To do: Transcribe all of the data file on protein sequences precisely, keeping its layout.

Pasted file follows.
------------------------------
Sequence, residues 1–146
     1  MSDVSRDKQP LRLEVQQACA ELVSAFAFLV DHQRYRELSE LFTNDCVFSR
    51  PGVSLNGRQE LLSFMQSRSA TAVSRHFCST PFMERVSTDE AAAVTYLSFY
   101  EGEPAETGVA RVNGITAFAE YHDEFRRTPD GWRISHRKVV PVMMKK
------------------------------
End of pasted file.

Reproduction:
Sequence, residues 1–146
     1  MSDVSRDKQP LRLEVQQACA ELVSAFAFLV DHQRYRELSE LFTNDCVFSR
    51  PGVSLNGRQE LLSFMQSRSA TAVSRHFCST PFMERVSTDE AAAVTYLSFY
   101  EGEPAETGVA RVNGITAFAE YHDEFRRTPD GWRISHRKVV PVMMKK